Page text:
Tag Archive | "Cuban Revolution"

Collapse of the Soviet Union, Cuban Revolution Survives Despite Widely Held Predictions


NOVANEWS

The Soviet Union was hampered by a variety of serious issues.

 

Following the USSR’s official collapse over Christmas 1991, the CIA expected that within two years Cuba’s Revolution would follow suit. A generation later socialism endures in Cuba while the Soviet Union, a state larger in size than America and Canada combined, is becoming a distant memory.

It stands out as remarkable that a great power such as the USSR evaporated without a single shot being discharged. Rubbing of salt into open wounds followed as Russia, under US supported Boris Yeltsin, made its transition to destructive state capitalism without serious protest; widespread privatization was ushered in along with trade and market “liberalism”.

Those westerners who gleefully celebrated Soviet disintegration in the early 1990s, would have been wise to remember that it was the USSR which – less than 50 years before – had lifted itself up from the Wehrmacht’s staggering blows, before overcoming a Third Reich that had been marching eastwards to conquer the vast open steppes of Eurasia.

By the mid-1970s, meanwhile, the Soviet Union was gradually eroding from within. This was partly due to their increasingly ill and frail president Leonid Brezhnev, who replaced Nikita Khrushchev in 1964, remaining in office until the day he died, 10 November 1982.

Brezhnev had developed an appetite for luxury that was out of step for a communist leader, as revealed by his owning dozens of immaculate, Western-built automobiles. No such opulence was enjoyed by the average Soviet citizen. Brezhnev was fond too of fur coats, expensive liquor and prestigious medals, while he was a heavy smoker until the early 1970s.

In December 1979, Brezhnev authorized what would prove a calamitous intervention in neighbouring Afghanistan. By this point Brezhnev’s bodily decline was in its final stages when, influenced by some voices in his ear, he said of the impending military advance, “we will end this war in three or four weeks”. The fighting in Afghanistan continued for nine years, much of it against American and Saudi-backed Jihadis including Osama bin Laden, which was another factor in the USSR’s demise.

During the mid-1980s, Soviet causes were hampered further by the swift death in office of two of Brezhnev’s immediate successors: Yuri Andropov, who governed for a year before succumbing to kidney disease aged 69 in February 1984 – and then Konstantin Chernenko, always a heavy smoker and in later life plagued with emphysema. Chernenko, in his early 70s, died just over 12 months after succeeding Andropov and by the end suffered from a string of debilitating ailments.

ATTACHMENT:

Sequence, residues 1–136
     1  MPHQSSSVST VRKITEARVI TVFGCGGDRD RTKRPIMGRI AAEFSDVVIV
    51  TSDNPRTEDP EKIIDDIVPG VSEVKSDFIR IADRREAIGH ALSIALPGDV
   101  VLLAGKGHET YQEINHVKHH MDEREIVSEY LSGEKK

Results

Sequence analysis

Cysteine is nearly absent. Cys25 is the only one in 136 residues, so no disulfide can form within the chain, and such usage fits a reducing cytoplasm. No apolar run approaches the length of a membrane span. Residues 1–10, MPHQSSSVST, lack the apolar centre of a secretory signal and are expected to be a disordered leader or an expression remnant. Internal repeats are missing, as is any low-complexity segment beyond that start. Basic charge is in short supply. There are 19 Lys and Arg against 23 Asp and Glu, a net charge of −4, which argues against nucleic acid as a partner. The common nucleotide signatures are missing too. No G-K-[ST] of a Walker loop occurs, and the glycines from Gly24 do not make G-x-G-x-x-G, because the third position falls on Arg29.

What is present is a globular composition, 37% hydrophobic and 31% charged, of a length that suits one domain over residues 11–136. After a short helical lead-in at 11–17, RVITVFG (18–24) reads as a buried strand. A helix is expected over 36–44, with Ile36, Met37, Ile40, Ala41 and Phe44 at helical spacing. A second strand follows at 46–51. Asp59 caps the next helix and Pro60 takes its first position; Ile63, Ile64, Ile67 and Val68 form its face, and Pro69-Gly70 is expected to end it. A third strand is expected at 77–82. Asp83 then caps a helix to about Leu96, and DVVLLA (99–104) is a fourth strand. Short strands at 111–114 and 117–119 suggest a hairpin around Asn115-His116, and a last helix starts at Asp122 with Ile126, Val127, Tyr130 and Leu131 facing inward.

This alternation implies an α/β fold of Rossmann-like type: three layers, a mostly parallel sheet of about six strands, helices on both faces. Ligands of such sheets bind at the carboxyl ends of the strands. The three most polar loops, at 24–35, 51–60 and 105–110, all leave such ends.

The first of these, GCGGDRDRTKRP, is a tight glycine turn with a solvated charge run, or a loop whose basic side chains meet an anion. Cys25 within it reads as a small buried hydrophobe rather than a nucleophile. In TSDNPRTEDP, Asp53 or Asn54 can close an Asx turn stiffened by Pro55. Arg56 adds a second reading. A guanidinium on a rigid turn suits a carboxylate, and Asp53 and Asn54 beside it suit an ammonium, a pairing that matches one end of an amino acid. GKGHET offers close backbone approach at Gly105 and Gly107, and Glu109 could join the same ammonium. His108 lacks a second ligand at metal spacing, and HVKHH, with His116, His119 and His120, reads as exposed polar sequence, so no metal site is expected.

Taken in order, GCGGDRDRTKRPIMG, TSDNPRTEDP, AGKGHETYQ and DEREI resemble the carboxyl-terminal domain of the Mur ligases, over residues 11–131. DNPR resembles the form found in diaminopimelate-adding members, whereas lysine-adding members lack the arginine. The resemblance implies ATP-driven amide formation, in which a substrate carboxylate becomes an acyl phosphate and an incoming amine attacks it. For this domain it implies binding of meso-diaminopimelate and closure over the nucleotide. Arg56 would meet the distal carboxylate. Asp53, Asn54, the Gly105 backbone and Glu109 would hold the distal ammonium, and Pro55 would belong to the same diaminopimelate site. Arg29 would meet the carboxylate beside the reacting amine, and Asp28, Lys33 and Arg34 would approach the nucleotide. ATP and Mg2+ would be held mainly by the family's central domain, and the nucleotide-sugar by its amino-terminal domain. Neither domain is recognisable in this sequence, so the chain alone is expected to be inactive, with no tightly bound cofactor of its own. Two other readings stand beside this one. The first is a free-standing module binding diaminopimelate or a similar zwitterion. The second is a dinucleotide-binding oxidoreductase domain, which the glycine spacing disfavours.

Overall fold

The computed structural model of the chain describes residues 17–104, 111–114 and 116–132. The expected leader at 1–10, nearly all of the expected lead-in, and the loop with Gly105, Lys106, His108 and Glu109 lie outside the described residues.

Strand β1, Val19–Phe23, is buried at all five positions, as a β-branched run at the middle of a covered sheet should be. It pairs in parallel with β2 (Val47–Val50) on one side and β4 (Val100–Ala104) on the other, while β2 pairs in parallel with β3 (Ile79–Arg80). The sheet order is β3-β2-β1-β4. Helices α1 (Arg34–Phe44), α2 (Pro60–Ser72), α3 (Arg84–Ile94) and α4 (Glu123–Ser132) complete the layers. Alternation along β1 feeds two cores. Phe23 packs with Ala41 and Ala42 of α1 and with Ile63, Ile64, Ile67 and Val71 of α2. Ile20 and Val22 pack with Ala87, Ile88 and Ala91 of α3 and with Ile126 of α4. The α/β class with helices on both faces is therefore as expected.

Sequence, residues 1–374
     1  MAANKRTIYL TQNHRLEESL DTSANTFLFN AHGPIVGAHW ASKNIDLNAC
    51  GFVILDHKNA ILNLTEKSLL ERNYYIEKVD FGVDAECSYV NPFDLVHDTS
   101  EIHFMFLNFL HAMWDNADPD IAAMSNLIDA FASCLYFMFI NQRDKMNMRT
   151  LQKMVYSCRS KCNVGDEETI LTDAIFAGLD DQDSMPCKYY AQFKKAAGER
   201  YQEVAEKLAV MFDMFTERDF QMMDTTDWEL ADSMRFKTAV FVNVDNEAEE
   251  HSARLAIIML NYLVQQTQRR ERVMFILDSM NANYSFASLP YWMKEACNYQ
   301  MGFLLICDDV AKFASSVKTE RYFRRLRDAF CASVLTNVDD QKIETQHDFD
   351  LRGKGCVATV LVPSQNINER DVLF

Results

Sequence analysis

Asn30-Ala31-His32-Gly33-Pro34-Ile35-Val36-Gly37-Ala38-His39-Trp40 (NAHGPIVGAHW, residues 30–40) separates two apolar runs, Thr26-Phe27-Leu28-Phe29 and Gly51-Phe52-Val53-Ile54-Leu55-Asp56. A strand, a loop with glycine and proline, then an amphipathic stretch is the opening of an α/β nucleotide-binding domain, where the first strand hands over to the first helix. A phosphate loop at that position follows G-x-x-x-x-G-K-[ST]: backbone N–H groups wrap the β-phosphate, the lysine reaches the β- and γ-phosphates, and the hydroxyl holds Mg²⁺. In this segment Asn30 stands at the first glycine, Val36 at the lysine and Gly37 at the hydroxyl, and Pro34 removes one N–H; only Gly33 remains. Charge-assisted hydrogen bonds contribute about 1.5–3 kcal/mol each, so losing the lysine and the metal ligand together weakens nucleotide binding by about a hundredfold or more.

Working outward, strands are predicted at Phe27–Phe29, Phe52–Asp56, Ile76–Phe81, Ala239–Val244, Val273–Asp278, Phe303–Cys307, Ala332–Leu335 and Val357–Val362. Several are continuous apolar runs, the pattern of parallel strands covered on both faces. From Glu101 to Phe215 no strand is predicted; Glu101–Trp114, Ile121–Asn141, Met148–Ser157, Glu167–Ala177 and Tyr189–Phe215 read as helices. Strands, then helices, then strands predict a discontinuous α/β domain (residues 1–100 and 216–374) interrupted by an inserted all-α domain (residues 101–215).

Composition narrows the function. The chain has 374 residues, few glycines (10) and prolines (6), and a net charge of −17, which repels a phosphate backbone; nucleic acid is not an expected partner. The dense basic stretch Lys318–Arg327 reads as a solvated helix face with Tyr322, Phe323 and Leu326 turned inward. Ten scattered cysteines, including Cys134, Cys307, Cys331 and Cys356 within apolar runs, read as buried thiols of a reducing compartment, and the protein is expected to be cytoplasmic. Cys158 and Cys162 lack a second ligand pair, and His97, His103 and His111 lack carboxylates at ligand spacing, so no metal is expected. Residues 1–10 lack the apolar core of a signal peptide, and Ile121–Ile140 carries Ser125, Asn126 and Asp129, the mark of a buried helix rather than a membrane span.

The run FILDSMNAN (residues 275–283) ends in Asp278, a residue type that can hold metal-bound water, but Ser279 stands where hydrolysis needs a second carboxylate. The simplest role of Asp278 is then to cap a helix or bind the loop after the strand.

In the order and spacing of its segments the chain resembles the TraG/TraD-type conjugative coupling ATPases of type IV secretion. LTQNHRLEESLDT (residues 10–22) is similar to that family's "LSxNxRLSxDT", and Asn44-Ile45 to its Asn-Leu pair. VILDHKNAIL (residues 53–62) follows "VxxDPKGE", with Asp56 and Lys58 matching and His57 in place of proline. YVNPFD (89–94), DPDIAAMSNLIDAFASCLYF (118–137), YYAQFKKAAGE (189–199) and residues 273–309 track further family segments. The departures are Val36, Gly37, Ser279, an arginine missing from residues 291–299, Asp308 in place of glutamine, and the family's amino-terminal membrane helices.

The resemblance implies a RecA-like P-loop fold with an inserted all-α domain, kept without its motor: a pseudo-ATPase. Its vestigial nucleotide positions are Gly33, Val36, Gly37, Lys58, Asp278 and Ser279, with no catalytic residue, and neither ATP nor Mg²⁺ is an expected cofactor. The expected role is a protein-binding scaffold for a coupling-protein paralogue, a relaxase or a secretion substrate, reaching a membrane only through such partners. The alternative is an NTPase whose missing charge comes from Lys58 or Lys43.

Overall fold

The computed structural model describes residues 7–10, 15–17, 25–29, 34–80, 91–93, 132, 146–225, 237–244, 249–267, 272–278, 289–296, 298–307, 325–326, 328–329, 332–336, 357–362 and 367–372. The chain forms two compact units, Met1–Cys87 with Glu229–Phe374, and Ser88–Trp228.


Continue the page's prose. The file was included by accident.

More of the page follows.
The decisions in electing both men to power were indeed questionable ones, as Andropov and Chernenko had been in poor health for years, while they lacked the vitality to overcome monumental problems that lay ahead. Their advanced years was not the issue, as countless people beyond so-called retirement age can retain their exuberance for life.

Andropov and Chernenko may have been seen as steady, dependable figures and, significantly, both had a history of activism dating to Nazi Germany’s 1941 invasion. The Soviets had never fully recovered from Hitler’s assault, either psychologically or emotionally, and all their postwar leaders except Mikhail Gorbachev had performed a role in the Great Patriotic War.

As the Soviet system fell a generation ago, America’s intelligence centres anticipated a quick and ignominious end too for the Cuban Revolution. Yet while the trappings of grandeur and cult of personality had hindered the USSR, similar weaknesses were not evident in Cuba.

Fidel Castro, the Caribbean island’s long-time leader, had resisted the temptations of materialism and corruption, which has further bedevilled left governments in South and Central America.

During his decades in power, Castro led an austere existence, working long hours and shunning the desire to indulge in ostentatious luxury or consumerism. He lived in a modest house consisting of two floors and four bedrooms, a comfortable if functional residence.

One need but examine a person’s clothing to gain something of an idea into their habits and mode of living. For many years, Castro donned olive green military attire which stood out for its absence of medals and trinkets, unlike his Soviet counterpart Brezhnev, who had an array of decorations dangling from his lapels. Castro’s army fatigues constituted simple, loose clothing, ascetic and lacking in pretension.

Castro himself outlined just over a decade ago that,

“The most difficult, most important fight that anyone with power faces is the fight against himself, the struggle for self-control. That may be one of the toughest ones. Against corruption and even against the abuse of one’s own prerogatives, one has to have a very well-trained, strong conscience, a great deal of awareness”.

As the years progressed it became clear, even to some of his foes, that Castro was not the typical state leader, but someone in possession of a formidable intellect, who read for many hours each day and could instantly recall events from bygone years. He was particularly influenced by the writings of José Martí, a famed 19th century revolutionary philosopher, essayist and “Apostle of Cuban independence”.

In 1985, aged 59, Castro ceased his smoking of Cohiba cigars with the future in mind. This lifestyle change played an important role in allowing him to enjoy a long existence.